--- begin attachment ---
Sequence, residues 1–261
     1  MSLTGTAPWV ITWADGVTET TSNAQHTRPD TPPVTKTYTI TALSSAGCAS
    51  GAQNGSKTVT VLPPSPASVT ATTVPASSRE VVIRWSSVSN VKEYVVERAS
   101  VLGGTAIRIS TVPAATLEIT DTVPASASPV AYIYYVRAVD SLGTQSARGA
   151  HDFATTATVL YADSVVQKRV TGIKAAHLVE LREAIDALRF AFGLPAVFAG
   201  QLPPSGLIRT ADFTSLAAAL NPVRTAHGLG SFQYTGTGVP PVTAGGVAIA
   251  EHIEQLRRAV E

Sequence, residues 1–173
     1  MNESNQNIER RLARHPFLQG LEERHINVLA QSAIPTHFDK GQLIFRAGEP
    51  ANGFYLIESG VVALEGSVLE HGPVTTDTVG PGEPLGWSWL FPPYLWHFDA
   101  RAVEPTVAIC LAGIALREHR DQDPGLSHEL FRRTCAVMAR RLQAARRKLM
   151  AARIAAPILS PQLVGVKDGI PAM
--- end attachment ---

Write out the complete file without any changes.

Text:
Sequence, residues 1–261
     1  MSLTGTAPWV ITWADGVTET TSNAQHTRPD TPPVTKTYTI TALSSAGCAS
    51  GAQNGSKTVT VLPPSPASVT ATTVPASSRE VVIRWSSVSN VKEYVVERAS
   101  VLGGTAIRIS TVPAATLEIT DTVPASASPV AYIYYVRAVD SLGTQSARGA
   151  HDFATTATVL YADSVVQKRV TGIKAAHLVE LREAIDALRF AFGLPAVFAG
   201  QLPPSGLIRT ADFTSLAAAL NPVRTAHGLG SFQYTGTGVP PVTAGGVAIA
   251  EHIEQLRRAV E

Sequence, residues 1–173
     1  MNESNQNIER RLARHPFLQG LEERHINVLA QSAIPTHFDK GQLIFRAGEP
    51  ANGFYLIESG VVALEGSVLE HGPVTTDTVG PGEPLGWSWL FPPYLWHFDA
   101  RAVEPTVAIC LAGIALREHR DQDPGLSHEL FRRTCAVMAR RLQAARRKLM
   151  AARIAAPILS PQLVGVKDGI PAM